Kino Lorber, the DVD releasing company, has chosen to release The Iceman Cometh on Blu-Ray as of late last month. The same company had released it on DVD back in 2003 but they must have figured the time was right to update it to the newer technology. As far as any extras go, the Blu-Ray version has the same goodies that the good folks at Kino Lorber had added to the 2003 version.
To put it another way, if you want to know some fascinating, never-befoe-published stories about the making of this criminally underrated classic, then don’t think you’ll find it on the Blu-ray. The best place to find such gold nuggets is between the pages of …that’s right, Lee Marvin Point Blank. What nuggets, you ask? Well, through due diligence (and timing), I was fortunate enough to get interviews with the likes of director John Frankenheimer, co-star Jeff Bridges, and several of the children of Robert Ryan. All of whom told me wonderful and unheard of tales concerning the making of the film.
What kind of stories? Well, you can find out who the other superstar actors who were offered the Lee Marvin role of Hickey that Frankenheimer hoped would say no. You can discover the valuable inside lesson Jeff Bridges learned fro Marvin that they DON’T teach in acting school. Then there’s the very strange and off-putting thing Marvin did the day he met film legend Fredric March, that is according to Cheyney Ryan, Robert Ryan’s son who was there to witness it.
Don’t take my word for it, of course. See the brilliance of Marvin’s performance and the rest of the cast on Kino Lorber’s recent Blu-Ray release and then, for the full story on The Iceman Cometh’s making, read Lee Marvin Point Blank. You won’t be disappointed.
– Dwayne Epstein

On the cover of the now defunct WORLD Magazine, Lee Marvin does his part to promote THE ICEMAN COMETH.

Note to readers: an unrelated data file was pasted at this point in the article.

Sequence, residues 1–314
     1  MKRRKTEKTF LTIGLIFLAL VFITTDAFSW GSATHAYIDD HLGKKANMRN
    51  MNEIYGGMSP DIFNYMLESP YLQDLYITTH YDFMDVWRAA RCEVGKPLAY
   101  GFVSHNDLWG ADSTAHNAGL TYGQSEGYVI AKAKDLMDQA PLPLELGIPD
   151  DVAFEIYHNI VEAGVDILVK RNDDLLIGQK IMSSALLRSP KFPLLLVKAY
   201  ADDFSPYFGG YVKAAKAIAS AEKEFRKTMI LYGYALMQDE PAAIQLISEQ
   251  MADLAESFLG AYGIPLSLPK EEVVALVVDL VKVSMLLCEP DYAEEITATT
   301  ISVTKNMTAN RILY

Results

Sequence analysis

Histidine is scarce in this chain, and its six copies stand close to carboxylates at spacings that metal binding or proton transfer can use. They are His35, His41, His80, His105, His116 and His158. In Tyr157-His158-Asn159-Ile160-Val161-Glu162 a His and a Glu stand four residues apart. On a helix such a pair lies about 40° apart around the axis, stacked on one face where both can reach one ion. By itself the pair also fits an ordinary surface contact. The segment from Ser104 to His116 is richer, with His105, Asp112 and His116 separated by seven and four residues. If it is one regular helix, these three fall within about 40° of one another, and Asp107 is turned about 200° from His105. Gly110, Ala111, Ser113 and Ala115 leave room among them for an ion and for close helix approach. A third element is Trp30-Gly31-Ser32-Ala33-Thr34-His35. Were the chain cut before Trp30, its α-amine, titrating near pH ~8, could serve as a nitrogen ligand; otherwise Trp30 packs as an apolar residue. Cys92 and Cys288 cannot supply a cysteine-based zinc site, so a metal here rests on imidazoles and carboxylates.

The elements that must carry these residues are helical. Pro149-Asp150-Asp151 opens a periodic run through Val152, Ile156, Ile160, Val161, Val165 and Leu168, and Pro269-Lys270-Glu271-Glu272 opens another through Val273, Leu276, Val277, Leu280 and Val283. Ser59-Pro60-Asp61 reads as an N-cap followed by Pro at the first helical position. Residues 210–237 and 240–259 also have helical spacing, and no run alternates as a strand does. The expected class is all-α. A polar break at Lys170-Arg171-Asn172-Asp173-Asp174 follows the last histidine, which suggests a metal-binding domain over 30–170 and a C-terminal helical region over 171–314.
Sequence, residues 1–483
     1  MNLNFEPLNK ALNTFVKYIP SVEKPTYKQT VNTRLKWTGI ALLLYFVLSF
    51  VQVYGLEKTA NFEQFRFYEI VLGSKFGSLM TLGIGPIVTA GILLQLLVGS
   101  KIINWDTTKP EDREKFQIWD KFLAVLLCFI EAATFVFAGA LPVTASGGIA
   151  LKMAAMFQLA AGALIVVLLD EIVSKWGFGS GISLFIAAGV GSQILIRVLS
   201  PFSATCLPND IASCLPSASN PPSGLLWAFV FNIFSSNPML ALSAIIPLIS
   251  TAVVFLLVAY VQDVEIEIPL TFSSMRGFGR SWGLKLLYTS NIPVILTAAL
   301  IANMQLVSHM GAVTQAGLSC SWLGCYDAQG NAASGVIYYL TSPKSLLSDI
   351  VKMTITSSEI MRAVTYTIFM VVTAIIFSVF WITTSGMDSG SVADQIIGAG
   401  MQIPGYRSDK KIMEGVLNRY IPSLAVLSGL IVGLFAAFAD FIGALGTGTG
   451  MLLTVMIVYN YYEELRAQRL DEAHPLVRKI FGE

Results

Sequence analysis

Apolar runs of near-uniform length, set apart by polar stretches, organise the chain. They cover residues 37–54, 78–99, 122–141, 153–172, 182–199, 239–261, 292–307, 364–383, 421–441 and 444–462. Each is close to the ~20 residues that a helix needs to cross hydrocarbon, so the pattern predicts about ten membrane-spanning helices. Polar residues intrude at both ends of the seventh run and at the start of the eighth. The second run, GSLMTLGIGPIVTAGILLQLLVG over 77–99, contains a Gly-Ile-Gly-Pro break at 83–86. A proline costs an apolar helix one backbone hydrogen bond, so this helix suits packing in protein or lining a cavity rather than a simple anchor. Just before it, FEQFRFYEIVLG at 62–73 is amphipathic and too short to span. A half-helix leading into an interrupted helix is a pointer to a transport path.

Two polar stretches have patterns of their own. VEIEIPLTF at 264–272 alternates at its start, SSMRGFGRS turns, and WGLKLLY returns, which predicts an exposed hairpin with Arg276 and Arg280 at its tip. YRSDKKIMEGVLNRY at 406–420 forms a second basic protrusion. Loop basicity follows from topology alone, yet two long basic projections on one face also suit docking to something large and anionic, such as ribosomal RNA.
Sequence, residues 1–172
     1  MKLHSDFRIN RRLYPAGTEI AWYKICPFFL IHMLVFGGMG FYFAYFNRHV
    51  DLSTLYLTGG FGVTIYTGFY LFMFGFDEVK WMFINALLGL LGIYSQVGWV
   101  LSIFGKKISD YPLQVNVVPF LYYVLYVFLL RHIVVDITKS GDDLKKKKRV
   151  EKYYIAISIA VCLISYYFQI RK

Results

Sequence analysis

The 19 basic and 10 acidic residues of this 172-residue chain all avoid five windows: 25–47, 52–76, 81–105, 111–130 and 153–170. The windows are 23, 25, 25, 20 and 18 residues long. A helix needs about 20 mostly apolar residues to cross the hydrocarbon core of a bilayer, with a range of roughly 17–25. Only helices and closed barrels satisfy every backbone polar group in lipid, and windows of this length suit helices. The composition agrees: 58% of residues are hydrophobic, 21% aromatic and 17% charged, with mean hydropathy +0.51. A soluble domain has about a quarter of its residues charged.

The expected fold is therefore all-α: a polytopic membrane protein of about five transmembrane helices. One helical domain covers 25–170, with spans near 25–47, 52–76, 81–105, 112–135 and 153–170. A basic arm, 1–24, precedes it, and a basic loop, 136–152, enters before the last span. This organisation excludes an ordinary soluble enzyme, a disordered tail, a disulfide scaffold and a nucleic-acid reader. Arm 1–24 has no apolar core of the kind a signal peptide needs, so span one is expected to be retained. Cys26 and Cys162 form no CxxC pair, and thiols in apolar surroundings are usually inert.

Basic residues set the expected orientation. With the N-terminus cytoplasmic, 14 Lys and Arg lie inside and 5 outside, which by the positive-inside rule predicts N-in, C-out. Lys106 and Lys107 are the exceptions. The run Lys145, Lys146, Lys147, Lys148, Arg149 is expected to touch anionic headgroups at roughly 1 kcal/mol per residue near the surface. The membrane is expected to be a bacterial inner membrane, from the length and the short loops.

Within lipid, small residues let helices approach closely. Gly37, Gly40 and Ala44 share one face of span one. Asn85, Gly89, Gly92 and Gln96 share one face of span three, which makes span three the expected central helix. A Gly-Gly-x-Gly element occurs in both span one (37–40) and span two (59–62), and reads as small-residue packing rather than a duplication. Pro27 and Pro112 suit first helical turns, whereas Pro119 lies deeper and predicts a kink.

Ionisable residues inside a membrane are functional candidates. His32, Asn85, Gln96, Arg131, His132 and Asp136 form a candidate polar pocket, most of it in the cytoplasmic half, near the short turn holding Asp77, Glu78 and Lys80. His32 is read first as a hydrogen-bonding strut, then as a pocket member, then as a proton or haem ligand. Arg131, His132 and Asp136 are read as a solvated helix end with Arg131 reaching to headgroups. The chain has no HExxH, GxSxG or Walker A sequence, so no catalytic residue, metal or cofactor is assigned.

Hard-to-find four record set of the film’s soundtrack. Cool cover, huh?

2-Page spread in 1973’s edition of SCREEN WORLD.

 

 

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FASHION TRENDS & LEE

According to first wife Betty Marvin: “Lee’s screen appeal in a way was a lot like Humphrey Bogart, except that Lee was actually much better looking than Bogart.”

Fashion trends may seem an unlikely subject for a blog promoting Lee Marvin Point Blank. Choice of firearms may seem a more likely subject. However, based on what several folks have told me over the years about the man, fashion trends is a subject that does indeed deserve some undo recognition.
For example, Lee’s first wife, Betty Marvin, told me, “Lee, of course, had a great body and looked great in clothes. Lee really had great style. His social wardrobe was just a knockout. We both used to love to dress up. He was very handsome….”

Betty Marvin (left) with husband Lee (bottom right) dressed approriately for a St. Valentine’s Day Massacre Party.

 

A more recent example came from a friend via social media, Bill Consolo, who recently recounted this memory from his mother:

“My mom was out to dinner with friends at the now long gone Frascati, on the corner of Wilshire and Rodeo Drive. Of course there was a restaurant and a bar and the way mom told it to me was that she noticed Lee Marvin at the bar all alone. Mom knew who he was immediately because as she said when you saw him, he was just as you saw him on the screen. She said he was tall and lean and a very good looking man. What stuck out to her was that he was dressed in blue jeans, cowboy boots, and a pressed white linen dress shirt. Remember this was still the 1960s. My mom was well traveled at these places and knew plenty of celebrities but she said Lee stuck out in Beverly Hills like a sore thumb because she had never seen a man dress like that. Mind you, my mom thought there was nothing wrong with it either, because he looked so damn handsome.”

Backstage after winning his Oscar, Lee wore the requisite formal attire, but topped it off with the then fashionable chevron tie.

Having partied all night after his Oscar win, the next morning Lee held an impromptu press conference at LAX on the way back to the London set of THE DIRTY DOZEN, but still managed to look fashionable in boots, khakis, sport coat and bandana tie.

A 1980 People magazine article pictured Lee doing what contemporaries like John Wayne & Robert Mitchum would never do: Join the roller boogie craze, with fashion trend-y head band and Walkman.

Even in old age, Marvin set fashion trends with a crisp denim shirt and zippered suede vest topped off with a Stetson Open Road Fedora.

-Dwayne Epstein